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Diplomacy in Action

2011 UNESCO Youth Forum Finalist -- Andrew Hanna

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Bureau of International Organization Affairs
Washington, DC
June 27, 2011



Andrew Hanna

"What is the greatest global challenge facing youth, and how can American youth help to address it?"

No Time to Wait

Frustratingly often, we as youth are told that the major problems of today’s world are too much for us to handle. The general consensus is that we should wait to make an impact; they say wait until you get older, wait until you get that position of power… just make sure to stay put and wait.

Indeed, the truth is that the complex issues facing today’s youth do require the influence of governmental and business leaders; everyday youth are not prepared to impact these fields just yet. Still, we must consider the heart of the issues we wish to overcome; the youth of our generation are set to inherit leadership of the world, but there will be no future of cooperation or overall happiness unless these youth are personally guided as they shape their morals and values. This, to me, is the overarching challenge facing the world’s youth.

Why such a focus on personal guidance? Youth, or adolescents, are going through what developmental psychologists agree is the most formative and confusing stage of life.  As diverse as they are, youth all over the globe have one thing in common: they are at a time in their lives at which they are most easily influenced. As they explore their morals, values, and identities, they choose whether they will look beyond themselves and help make the world a better place, or whether they will take a life route that leads to their own unhappiness and a worse-off world.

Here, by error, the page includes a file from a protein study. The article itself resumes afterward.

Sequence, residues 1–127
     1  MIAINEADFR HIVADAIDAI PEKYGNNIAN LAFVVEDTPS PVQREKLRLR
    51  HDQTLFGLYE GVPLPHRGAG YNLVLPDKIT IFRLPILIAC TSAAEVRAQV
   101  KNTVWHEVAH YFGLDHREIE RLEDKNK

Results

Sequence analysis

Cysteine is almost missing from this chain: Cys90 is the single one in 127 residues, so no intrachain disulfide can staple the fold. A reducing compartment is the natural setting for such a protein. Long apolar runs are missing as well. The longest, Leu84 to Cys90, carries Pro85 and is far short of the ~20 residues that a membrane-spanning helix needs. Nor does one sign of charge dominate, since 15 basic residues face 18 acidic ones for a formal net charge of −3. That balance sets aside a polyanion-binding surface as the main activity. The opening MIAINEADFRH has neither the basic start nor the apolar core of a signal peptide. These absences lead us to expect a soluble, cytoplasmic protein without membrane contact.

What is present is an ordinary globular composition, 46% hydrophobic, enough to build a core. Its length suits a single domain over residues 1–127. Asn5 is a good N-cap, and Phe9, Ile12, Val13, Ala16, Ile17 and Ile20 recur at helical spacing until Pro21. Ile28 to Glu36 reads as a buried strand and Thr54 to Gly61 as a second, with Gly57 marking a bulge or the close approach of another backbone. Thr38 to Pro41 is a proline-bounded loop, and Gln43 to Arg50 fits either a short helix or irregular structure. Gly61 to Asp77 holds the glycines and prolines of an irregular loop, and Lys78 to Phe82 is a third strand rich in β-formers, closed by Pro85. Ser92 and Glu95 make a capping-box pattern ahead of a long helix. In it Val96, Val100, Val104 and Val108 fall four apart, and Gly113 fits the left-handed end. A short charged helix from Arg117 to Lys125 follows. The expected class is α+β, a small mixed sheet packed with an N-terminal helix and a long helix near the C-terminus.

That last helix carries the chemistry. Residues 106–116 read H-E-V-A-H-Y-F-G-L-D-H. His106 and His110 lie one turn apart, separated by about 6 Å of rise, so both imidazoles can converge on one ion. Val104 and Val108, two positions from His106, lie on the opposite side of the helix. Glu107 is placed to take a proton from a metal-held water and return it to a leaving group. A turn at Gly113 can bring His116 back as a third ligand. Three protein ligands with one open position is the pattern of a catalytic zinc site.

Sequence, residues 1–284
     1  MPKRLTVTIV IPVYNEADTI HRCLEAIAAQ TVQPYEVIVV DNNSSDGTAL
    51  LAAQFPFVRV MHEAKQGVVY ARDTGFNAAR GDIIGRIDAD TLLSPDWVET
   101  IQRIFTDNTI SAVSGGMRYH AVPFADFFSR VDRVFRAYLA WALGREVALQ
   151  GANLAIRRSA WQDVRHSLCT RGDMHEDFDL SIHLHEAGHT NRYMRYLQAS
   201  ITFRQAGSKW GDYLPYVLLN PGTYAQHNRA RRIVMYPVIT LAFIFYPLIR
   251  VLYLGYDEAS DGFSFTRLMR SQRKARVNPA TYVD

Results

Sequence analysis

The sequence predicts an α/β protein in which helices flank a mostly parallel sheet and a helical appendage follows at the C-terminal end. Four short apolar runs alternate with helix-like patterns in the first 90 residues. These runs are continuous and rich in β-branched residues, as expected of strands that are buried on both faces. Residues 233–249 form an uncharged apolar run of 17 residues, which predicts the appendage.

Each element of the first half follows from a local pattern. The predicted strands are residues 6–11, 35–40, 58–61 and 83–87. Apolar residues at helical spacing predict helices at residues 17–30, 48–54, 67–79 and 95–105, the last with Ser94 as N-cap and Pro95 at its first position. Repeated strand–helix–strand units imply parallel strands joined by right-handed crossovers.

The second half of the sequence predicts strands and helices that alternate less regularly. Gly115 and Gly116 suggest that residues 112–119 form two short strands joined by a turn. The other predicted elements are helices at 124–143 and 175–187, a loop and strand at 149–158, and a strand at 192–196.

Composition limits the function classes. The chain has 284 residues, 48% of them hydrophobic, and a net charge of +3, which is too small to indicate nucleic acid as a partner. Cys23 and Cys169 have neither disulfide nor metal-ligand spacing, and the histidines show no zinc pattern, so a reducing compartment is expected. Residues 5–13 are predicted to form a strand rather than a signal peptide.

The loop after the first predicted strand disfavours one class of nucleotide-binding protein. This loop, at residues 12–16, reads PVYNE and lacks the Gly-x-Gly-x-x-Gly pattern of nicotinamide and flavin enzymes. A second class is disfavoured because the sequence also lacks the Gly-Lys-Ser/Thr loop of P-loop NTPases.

The beautiful part about this challenge, though, is that no group is more capable of influencing today’s generation of youth than we are. As youth struggle to navigate the choppy waters of adolescence, research concludes that they consistently turn from the sounds of their parents’ voices and look to their peers as their main influencers. Tangibly, this means youth in America must engage with their communities and get involved with or start mentoring programs. On a less structured level, it means positively influencing their peers on a daily basis. It means being a big brother or big sister to youth who may not have a stable guiding presence in their lives. It means giving them confidence to look past the many destructive peer pressures to abuse alcohol, to do drugs, to drop out of school, and to do many other things that have negative affects on both themselves and the entire global community.

Ultimately, then, every one of us currently holds the key to the future of our generation, and thus the future of our world. We as youth certainly must grow in experience and knowledge to accomplish some things. In the meantime, though, every single youth has the opportunity and the responsibility to be a mentor to those youth around them. Regardless of what we are told, there is no time to continue to simply wait; we must take our own generation by storm and make it what it has the potential to be… one person at a time.

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